Agents are being warned to contact everyone on their databases now and prepare for the introduction of the General Database Protection Regulations in May next year.
They are also being told that the potential implications for their businesses of leaving plans too late are enormous.
For example, businesses will only be allowed to hold data on customers and clients for the purposes for which it was provided and will have to securely dispose of that data once that purpose has been fulfilled.
The warning comes from industry trainer and business mentor Michael Day of Integra Property Services and traceWiseUK.
At the end of next March, Day said the shutters will come down on the part of the traceWiseUK business which supplies agents with home owner information.
He said: “Most of the information we supply is to letting agents seeking to contact landlords. Land Registry data will identify the owner of a property but, more often than not, the landlord actually lives somewhere else.”
“At traceWiseUK we cross check literally dozens of Data Protection Act compliant databases to establish the correct address (and often telephone numbers too), and supply this to agents.”
“The issue is that under the GDPR, it will no longer be possible for us to provide this data to enable agents to contact landlords for marketing purposes because under GDPR, the person whose data we access must have specifically opted in to the end user for the purpose required and not just generically, as at present.”
“GDPR is going to be a huge issue for agents who will need to ensure that any datasets they use comply with the new rules.”
For traceWiseUK, the issue is that property owners have not specifically opted in to a service to supply their details to specific agents. The issue of agents using Land Registry data for marketing purposes clearly becomes questionable under GDPR.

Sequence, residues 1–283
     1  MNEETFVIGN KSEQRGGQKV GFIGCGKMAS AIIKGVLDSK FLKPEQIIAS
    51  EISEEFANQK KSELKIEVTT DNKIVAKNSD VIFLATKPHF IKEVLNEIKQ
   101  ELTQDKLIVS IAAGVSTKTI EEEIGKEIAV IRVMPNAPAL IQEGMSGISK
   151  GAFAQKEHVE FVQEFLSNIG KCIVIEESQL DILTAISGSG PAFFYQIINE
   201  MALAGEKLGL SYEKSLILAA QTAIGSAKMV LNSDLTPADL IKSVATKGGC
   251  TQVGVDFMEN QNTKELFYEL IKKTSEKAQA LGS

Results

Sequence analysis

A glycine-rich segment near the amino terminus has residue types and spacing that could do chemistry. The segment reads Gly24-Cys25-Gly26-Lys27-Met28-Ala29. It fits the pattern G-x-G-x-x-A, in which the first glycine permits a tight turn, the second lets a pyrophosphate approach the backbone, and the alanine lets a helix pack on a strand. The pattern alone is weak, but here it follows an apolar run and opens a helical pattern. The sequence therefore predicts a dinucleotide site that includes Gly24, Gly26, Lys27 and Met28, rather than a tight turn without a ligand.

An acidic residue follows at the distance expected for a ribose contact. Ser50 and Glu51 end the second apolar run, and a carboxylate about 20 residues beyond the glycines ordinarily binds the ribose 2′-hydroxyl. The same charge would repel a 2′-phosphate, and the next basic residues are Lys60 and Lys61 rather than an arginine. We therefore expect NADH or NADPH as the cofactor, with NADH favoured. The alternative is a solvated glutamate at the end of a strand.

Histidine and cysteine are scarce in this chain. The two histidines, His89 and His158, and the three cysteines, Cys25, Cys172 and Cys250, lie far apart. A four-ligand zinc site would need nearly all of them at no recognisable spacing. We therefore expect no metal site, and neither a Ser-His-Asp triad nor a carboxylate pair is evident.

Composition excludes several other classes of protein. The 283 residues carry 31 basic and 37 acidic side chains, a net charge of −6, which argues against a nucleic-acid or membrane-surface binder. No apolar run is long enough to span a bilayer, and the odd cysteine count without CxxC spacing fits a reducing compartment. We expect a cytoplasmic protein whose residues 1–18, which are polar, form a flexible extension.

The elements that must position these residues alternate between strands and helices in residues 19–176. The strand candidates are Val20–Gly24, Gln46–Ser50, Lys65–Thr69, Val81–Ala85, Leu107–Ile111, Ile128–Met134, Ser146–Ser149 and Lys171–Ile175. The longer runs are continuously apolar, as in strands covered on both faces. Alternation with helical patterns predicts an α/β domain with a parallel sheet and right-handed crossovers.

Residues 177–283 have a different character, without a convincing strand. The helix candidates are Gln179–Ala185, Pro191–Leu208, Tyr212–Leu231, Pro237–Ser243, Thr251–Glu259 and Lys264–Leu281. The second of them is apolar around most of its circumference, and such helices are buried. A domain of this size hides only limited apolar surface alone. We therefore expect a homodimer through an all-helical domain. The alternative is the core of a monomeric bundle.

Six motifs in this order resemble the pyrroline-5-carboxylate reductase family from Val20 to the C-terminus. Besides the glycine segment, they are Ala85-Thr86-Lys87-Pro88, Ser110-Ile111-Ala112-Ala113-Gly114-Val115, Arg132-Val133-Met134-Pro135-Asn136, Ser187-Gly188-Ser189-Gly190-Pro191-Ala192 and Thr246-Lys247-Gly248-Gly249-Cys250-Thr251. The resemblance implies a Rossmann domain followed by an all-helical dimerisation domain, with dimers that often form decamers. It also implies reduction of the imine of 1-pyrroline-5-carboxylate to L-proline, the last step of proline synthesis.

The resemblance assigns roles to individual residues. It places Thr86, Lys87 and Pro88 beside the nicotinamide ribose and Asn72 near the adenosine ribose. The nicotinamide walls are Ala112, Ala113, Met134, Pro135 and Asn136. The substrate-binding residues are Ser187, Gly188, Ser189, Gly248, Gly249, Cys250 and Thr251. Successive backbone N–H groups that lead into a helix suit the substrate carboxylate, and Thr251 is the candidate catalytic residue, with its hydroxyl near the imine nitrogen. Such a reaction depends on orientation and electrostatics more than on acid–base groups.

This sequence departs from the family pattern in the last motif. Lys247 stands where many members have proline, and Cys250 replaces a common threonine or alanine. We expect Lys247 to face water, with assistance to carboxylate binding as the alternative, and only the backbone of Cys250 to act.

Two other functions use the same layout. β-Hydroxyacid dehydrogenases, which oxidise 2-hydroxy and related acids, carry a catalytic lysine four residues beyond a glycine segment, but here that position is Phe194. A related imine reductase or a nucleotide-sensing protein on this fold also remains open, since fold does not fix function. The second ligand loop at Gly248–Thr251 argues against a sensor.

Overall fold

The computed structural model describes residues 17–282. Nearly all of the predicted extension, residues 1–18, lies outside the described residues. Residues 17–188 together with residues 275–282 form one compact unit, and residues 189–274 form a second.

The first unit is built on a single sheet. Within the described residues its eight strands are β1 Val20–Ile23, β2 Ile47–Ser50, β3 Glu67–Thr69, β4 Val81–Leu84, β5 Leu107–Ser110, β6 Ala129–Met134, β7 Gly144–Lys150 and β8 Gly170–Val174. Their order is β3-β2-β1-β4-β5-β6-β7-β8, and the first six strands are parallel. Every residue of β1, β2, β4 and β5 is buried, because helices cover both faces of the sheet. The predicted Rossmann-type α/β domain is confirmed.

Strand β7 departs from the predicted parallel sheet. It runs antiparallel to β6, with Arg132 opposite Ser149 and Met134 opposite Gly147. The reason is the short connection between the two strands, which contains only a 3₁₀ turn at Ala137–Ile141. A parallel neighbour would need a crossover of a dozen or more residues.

For agents there are other potential issues beyond not simply getting the leads that they are now receiving from some organisations.
Day said that a vendor instructing an agent and an applicant registering with them often end up on a database that is then used to stay in contact subsequently.
However, under the new Regulations, once the deal has been done, then the original purpose has been achieved. Under GDPR, agents will not be able to keep data on either vendor or buyer and use it for any other purpose (e.g. marketing) unless they have specifically opted in to receive future information that might, for example, included updates on the local property market.
Day said: “Agents have until May to clean up their databases and get people to opt in, but no one should wait until then.”
Day is predicting that at some state, there will be a high-profile test case over how well agents are fulfilling the new database requirements.
traceWiseUK is now only offering agents property owner tracing until the end of March, at rates between £12.50 and £15 plus VAT dependent upon volume.
traceWiseUK will however continue to offer its anti-money laundering ID check service to agents. Online ID checks cost just £1.50 plus VAT (£1.80)
The firm’s recent flyer sent to agents suggests they should “fill their boots” between now and then on local landlord leads.